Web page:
.
I shoot from the hip when I talk to my son. I said that God wants us to have faith in him, and that faith is being sure of what you hope for and certain of what you do not see. If you could see God and angels, I said, you wouldn't have faith. Entiendes?
.
He's gracious with me. "Yeah," he said, "I understand." And someday you won't need faith at all, I said. Someday you'll see God face to face. He considered this. "God lives in a palace in the sky? That is very strange." Yeah, I said. It is very strange. "And he's making a room for me in his palace?" Yeah Flaco. There is a room for you. "Do you think he will paint a pteradactyl on the wall? Eso si me gustaria." I think that's a nice idea. I ran my fingers through his blond hair, wincing. "I think Loli's room should have a painting of a hen on the wall." Oh Flaco, she would love a hen. "When is Loli going to die?" Heart stopping, in my throat; I shoot from the hip but I try not to lie. I don't know, Flaco. But you don't have to think about that, not at all. Estamos en las manos de Dios.
.
It got worse. "Will I have bruises?" What? "When I die, will I have bruises like Jesus? When they killed him." He's three, he's three, I thought. He's only three.
.
Flaco, when you die, God will come and take you by the hand, and say "Come home, mijo." It is nothing bad. "Okay." A pause. "Me va a llamar mijo?" Yeah, he'll call you mijo.
.
Octavius was finished with his bottle; I could hear Matt at the sink. I covered my son up again and kissed his little face. Duermete no mas, I said. Eyes burning. Te amo. He closed his brown eyes and I stepped out to the darkened staircase, heart turned upside down and sinking like lead, telling myself not to be afraid. I reached for faith as if it were something substantial to hold, while realizing for the first time that the only reason it has any value at all is because it will one day it will cease to exist.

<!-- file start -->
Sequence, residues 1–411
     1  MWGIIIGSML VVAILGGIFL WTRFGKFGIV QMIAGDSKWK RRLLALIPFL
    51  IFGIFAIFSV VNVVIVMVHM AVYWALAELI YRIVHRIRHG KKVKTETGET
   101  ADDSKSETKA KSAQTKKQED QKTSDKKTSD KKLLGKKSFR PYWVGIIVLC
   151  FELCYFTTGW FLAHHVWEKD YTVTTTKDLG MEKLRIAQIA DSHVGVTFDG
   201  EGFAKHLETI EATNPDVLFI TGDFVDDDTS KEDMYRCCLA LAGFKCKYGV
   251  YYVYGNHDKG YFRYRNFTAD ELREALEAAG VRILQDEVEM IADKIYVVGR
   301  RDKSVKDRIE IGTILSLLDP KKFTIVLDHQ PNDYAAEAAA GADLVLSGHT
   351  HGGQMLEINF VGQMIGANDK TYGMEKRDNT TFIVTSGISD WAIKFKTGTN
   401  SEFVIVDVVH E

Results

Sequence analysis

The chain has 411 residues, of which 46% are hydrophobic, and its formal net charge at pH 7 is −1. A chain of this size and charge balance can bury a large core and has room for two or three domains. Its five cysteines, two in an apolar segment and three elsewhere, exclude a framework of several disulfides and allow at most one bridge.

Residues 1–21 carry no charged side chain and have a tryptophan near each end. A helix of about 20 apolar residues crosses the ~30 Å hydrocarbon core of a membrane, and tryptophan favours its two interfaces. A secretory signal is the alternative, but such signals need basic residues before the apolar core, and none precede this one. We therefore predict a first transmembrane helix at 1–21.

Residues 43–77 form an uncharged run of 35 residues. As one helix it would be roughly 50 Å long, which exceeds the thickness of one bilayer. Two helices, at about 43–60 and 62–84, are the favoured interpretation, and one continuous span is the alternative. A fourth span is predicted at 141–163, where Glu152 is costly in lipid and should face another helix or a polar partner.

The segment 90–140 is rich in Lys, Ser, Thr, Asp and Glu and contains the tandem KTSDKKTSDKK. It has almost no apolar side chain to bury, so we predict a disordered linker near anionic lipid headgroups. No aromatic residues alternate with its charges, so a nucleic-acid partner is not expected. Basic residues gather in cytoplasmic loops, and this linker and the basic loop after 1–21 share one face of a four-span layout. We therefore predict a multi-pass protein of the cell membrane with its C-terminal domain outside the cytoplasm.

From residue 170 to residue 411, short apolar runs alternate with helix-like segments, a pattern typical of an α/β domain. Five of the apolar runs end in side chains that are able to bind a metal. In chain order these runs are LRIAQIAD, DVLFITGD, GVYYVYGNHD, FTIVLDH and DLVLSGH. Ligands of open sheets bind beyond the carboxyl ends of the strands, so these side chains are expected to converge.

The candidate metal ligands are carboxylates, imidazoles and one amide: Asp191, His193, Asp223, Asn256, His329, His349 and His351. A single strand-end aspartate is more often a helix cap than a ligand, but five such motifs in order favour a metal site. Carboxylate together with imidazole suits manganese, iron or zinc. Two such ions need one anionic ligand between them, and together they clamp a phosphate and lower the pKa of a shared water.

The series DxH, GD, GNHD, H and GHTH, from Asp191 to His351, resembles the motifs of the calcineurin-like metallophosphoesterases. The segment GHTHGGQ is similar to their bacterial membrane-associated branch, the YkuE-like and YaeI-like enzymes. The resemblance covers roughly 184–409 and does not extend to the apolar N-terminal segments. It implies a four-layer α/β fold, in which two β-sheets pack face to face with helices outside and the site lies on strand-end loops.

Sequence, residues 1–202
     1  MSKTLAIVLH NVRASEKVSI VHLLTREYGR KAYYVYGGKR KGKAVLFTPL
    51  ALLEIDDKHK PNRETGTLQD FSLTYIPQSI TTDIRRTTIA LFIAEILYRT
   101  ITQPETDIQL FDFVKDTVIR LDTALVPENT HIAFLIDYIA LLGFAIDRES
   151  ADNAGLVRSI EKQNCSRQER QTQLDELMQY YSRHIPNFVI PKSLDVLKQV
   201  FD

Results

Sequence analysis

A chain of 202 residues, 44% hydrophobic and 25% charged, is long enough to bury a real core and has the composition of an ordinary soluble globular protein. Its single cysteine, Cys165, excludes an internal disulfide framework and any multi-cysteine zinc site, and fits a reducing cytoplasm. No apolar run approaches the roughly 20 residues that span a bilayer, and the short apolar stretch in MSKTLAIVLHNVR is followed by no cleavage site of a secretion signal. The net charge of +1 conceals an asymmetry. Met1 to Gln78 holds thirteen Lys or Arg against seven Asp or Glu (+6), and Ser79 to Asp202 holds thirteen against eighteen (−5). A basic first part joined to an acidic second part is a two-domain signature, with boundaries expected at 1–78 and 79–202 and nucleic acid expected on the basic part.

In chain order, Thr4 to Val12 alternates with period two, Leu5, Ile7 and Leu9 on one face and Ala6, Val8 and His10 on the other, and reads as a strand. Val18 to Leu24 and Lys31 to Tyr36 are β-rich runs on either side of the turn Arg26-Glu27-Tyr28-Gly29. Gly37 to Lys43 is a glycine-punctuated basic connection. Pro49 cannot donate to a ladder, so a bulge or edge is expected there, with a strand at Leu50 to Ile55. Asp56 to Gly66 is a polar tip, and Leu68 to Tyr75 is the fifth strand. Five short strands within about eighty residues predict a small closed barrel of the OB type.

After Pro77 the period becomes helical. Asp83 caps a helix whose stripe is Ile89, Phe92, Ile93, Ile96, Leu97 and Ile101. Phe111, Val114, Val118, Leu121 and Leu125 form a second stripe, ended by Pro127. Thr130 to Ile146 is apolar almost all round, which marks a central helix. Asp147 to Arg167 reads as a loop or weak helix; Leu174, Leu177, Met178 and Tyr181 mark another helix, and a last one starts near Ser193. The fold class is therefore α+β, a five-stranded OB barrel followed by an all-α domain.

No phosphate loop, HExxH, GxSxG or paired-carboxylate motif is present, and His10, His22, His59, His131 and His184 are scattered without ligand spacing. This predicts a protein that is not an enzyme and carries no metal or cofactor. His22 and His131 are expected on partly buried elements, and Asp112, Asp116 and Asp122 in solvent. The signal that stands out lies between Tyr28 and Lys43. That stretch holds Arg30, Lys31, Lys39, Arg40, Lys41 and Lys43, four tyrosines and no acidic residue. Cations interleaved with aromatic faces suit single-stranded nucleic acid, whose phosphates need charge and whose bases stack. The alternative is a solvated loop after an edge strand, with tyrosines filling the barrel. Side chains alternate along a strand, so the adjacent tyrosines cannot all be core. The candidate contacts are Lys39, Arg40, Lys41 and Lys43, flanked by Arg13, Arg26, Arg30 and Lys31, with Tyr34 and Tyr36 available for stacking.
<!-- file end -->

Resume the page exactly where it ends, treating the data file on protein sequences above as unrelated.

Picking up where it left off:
Wednesday, March 30, 2011

The Birth of El Che

This is love at first sight.

Thursday, March 17, 2011

Where to, mister?

To the right we have pictured my husband filling out a job application for the fall. We have our prospects narrowed down to two main options: either leaving the continent or staying in the continent. We have three months left on our lease, so I really feel like we're close to figuring this thing out*.
.
The awesomeness of the unknown keeps playing out before me, like the opening sequence of The Twilight Zone. Doors floating and turning sideways, ominous hitchhikers saying "Going my way?" I feel like Matthew is this man in a hat who I'm catching a ride with to who-knows-where**.
.
I tried to find a clip of that intro, but when I typed in the words "twilight zone going my way?" into Youtube, the first video that came up was of Alf. Having not seen Alf since maybe the third grade, I clicked the link and started to watch it. They're playing Scrabble and the daughter's about to leave for a date. Alf keeps trying to pass off words in Melmacian. The guy knocks at the door; Alf makes a series of witty remarks and the parents watch him walk in with a mixture of curiosity, fear, and disdain.
.
I wonder what my parents thought the first time they met Matthew. Did they know he was jaunty, clever, a gentleman? Or did they see a nervous kid in a ska band with patchy stubble who said things like "I have the reflexes of a jungle cat"?
.
It was at our wedding, during the vows, that I suddenly realized the gravity of the situation. I hadn't realized that to stick out your thumb is to stick out your neck. We were getting hitched, and I didn't have the wheel anymore. "You're moving into a land of both shadow and substance" - in retrospect, I feel like we should have exited the church to mysterious piano music.